Cramping? Gas? Bloated stomach? Straining to pass stools? Don’t ignore these symptoms if they go on too long.
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Fibre creates soft, mobile stools. There are two types, which can be used to treat and prevent constipation.
Soluble fibre attracts water to your stools, making them softer, larger and easier to pass. You can get this type of fibre from oats, barley, psyllium, oranges, dried beans and lentils.
Insoluble fibre adds bulk to your stools, helping them pass more quickly through the intestines. Good sources include wheat bran, vegetables and whole grains.
While fibre supplements are available, the best way to get more fibre in your diet is through fibre-rich foods. Since these kinds of foods are usually nutritious, you’ll get health benefits as well. But increase your intake gradually. Getting too much fibre too quickly can cause bloating, and may even worsen constipation in some people.
Also keep in mind that fibre absorbs more water in your gut. So if you’re adding more fibre to your diet, be sure to increase your fluid intake as well.
When you’re dehydrated, water is absorbed from your intestines, making your stools harder. To keep stools soft and mobile, drink more water, juices or herbal beverages.
While processed foods may be high on convenience, they’re generally low on fibre. As much as possible, try to cook from scratch. If time is an issue, simply swapping fibre-low foods such as white bread and pasta for whole grain versions can help.
When grocery shopping, get into the habit of reading ingredient labels. Foods with labels that list whole grain or whole wheat at the top are usually good choices.
Caffeine can stimulate muscle contractions in the bowel to make stools easier to pass. But it also has a diuretic effect, making you urinate more often than usual. When that happens, your colon may not absorb enough fluids, making you dehydrated, which can cause constipation or make it worse. The solution? If you consume coffee and black tea, also try to drink plenty of non-caffeinated liquids (preferably water) to compensate for their diuretic effects. That way, you can keep your stools moist and moving.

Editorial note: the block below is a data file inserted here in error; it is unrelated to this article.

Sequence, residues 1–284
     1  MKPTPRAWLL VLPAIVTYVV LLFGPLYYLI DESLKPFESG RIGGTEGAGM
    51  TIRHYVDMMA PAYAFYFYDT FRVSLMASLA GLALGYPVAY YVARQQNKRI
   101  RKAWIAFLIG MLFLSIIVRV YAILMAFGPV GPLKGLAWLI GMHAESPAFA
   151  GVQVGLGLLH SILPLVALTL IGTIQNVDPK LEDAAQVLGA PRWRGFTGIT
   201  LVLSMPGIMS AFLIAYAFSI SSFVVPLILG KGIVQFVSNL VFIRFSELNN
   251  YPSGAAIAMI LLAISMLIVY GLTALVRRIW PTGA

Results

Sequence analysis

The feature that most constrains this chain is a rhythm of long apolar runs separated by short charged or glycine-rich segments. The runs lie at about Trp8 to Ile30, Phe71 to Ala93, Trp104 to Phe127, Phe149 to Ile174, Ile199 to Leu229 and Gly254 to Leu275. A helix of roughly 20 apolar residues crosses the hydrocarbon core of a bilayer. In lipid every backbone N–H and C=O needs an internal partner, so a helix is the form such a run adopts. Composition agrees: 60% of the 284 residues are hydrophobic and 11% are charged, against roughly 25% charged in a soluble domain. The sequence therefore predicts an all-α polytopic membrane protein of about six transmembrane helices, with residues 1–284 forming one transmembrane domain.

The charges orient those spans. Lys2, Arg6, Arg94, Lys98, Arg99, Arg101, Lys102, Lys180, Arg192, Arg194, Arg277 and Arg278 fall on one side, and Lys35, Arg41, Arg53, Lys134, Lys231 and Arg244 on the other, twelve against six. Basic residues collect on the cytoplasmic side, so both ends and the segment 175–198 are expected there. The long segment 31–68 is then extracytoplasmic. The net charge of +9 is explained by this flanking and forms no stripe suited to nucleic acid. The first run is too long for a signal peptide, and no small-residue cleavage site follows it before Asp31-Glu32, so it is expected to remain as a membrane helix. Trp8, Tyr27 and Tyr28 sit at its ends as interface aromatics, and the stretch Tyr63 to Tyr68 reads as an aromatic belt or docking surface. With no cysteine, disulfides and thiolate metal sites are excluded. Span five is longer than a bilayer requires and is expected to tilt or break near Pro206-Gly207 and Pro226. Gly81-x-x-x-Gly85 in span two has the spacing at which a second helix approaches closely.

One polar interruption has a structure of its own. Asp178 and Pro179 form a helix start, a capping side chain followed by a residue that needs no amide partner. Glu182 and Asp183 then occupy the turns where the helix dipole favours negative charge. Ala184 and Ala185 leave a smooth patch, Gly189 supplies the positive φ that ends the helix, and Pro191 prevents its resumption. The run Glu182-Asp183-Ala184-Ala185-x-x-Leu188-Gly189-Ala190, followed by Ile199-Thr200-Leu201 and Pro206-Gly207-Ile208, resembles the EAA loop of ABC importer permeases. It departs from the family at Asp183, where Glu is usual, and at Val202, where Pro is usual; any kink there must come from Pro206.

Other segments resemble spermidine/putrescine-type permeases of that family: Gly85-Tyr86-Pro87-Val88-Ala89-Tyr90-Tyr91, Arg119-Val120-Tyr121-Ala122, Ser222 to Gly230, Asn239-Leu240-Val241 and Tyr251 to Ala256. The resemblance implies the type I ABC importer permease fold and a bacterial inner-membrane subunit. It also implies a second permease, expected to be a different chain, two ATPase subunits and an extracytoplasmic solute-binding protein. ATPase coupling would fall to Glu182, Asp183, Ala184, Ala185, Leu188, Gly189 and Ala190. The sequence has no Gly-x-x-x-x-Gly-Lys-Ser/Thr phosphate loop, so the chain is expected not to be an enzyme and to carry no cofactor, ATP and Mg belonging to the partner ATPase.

Your body has its own internal clock and likes to keep to a regular schedule. So try to eat at regular times, because skipping meals can slow down the time that food and waste takes to pass through your system. If you know you’ll be busy, snacking on an apple or fibre-rich granola bar can help.
Constipation is a side effect of many medications, from over-the-counter antacids to prescription painkillers. If you think the drug(s) you’re taking are causing your problem, speak to your pharmacist or doctor. Remember, don’t change the dosage or stop taking your medication without getting medical advice first.
Stress affects our bowels in different ways, and some people find it makes them constipated. Try to identify the causes of your stress and see what you can do to eliminate or reduce them. Exercise is a good stress buster, as is unwinding in a bubble bath or listening to your favourite music. Whatever works to calm you down and makes you feel better. Just try not to worry too much about your stress-induced constipation because that can make it worse!
Getting moving gets your bowel muscles moving as well. You don't have to join a gym. Simply walking for half an hour three times a week is enough for most people.
There’s a reason they call it getting regular your body has an internal clock that is easily disrupted by changes. So try to get into a routine, setting up regular times for a bowel movement. Keep in mind that travel or starting a new job can affect your bowel movements, so don’t stress too much if they’re off for a while. Just try to get back into your regular routine as soon as possible.
The hormonal disruptions of pregnancy can all affect a woman’s bowel function. Being prepared with proven constipation relief strategies such as upping your fluid intake or getting more exercise can help when you’re feeling hormonal.